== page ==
“That’s the Rat Trap Door factory,” a garment worker told me, pointing to a little blue door on a windowless wall along National Road 4 in Phnom Penh. “The door is so small it looks like only rats can get in.”
It didn’t look like a factory. Unlike larger, registered factories, this one had no sign. People working there had no clue what it was actually called, he said. They didn’t have worker identity cards. They didn’t know whether the factory was registered with the National Social Security Fund (NSSF), which provides employment injury and worker health insurance, or whether it had registered the workers.
Cambodia has many nameless factories. At the “Cow Poop factory,” cows relieve themselves at the factory entrance. Then there’s the Paper Flower factory, the Mango Tree factory, and those identified by an owner or manager’s first name. Garment workers in Cambodia may have a good sense of humor about these shadowy, unidentified factories, but people who work in them are more vulnerable to abusive labor practices that violate local law and international norms.
This is the underbelly of Cambodia’s garment industry and the lowest rung of the international apparel industry. Small factories often act as subcontractors for larger export-oriented factories, but are subject to far less scrutiny or monitoring. Many are secretive with their workers, and their working conditions and business practices stay largely under the radar. These small factories help cut costs for larger factories that are subject to more scrutiny. And they become all the more relevant with the recent increase in the garment sector’s minimum wage in Cambodia to $153 per month.
Earlier this year, we spotted about 50 small factories around Kandal province, near Phnom Penh. Some were tiny, but driving past them, I could see busy workers and heaps of garments through the windows. Many factories were advertising jobs. It’s impossible to estimate how many such factories mushroom in response to seasonal garment orders.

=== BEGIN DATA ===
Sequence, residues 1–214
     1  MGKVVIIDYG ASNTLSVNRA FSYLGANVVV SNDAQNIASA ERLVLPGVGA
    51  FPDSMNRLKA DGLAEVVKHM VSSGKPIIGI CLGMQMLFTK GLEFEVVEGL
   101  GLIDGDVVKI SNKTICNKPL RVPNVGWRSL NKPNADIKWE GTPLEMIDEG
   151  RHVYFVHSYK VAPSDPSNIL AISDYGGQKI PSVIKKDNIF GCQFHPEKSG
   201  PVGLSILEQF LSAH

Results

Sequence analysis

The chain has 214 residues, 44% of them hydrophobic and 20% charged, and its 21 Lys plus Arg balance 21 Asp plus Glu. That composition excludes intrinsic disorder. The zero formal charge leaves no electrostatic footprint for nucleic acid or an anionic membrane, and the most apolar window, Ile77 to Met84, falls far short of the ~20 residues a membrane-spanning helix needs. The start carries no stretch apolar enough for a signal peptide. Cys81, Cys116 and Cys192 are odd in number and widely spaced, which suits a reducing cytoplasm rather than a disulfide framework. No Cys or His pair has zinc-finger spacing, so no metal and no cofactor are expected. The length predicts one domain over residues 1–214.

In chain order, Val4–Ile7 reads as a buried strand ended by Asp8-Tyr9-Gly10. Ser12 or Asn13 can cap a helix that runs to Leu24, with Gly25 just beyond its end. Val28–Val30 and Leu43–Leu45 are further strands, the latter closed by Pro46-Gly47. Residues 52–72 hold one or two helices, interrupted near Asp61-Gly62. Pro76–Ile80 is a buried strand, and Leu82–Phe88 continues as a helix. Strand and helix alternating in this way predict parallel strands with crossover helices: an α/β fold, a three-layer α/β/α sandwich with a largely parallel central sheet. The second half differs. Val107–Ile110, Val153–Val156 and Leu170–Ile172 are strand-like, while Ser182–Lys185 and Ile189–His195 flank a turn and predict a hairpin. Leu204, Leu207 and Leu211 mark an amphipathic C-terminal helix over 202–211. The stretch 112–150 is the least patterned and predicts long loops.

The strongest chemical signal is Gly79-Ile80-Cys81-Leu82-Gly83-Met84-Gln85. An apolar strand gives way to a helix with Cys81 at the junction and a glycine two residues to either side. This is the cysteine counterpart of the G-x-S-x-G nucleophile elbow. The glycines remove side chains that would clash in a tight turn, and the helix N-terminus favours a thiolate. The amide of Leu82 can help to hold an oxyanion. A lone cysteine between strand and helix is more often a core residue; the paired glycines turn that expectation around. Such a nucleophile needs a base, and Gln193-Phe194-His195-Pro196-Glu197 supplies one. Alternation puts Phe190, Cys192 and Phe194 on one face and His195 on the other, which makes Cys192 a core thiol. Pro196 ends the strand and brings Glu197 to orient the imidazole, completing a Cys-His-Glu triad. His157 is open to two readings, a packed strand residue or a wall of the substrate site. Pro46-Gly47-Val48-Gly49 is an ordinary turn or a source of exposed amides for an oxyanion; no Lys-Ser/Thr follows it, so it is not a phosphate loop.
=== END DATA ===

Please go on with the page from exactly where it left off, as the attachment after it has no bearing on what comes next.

Many of these factories looked like huge tin sheds with little ventilation. Others look like houses. One or two had barely visible names, but most had none.
With the help of Cambodian labor rights defenders, I was able to speak to workers from some of these factories. They all said the same thing about not knowing the name of their factory and not thinking it was registered under the NSSF. The workers either didn’t have factory identification cards or, if they did, they were scrawled merely with their name and division—no factory name. Workers said their factories were getting “business” from larger factories in surrounding areas, which are mostly export-oriented. They didn’t know the brands that sourced the garments: At the production stage they saw, there were no labels.
These factories typically employ workers on a piece-rate basis between April and November, or the “high season,” the workers told me. The factories close when business wanes.
The shadowy nature of these factories hurts labor rights in Cambodia. Their workers should benefit from labor protections, including through the NSSF. Earlier this year, fund officials and the Labor Ministry took an important step by adding health care to coverage for injuries under the social security fund. Garment workers in these small factories do get sick and injured, and need these benefits. But if the factory doesn’t register them, they’re left out.
Some problems in the garment industry are hard to fix. But this one isn’t. The Cambodian government should publicly announce a period for all factories to register with the NSSF, and face penalties if they don’t. It should also publish a list of all factories, by sector, that are NSSF-registered.
Global brands have long benefited from the labor of workers in many subcontracted factories, often without authorizing their production role. While most brands have codes of conduct forbidding unauthorized outsourcing to smaller factories, their purchasing practices can drive such outsourcing. Because production at these sites is unauthorized, such factories do not fall within a brand’s supply chain monitoring. In rare instances, brands that have detected the use of these factories have absorbed them into their supply chain.
Global apparel brands should urge the Cambodian authorities to ensure that all factories and workers are registered under the NSSF, and press the government to publicly list registered factories. While brands should do much more to protect workers in small, subcontracted factories, encouraging the Cambodian government to take these steps is at least a step in the right direction.
The Cambodian government and global brands have an opportunity to coalesce behind a common goal: ensuring that all workers—in factories big and small—are covered by the NSSF and enjoy their full rights under the law.
Aruna Kashyap is senior counsel for women’s rights at Human Rights Watch.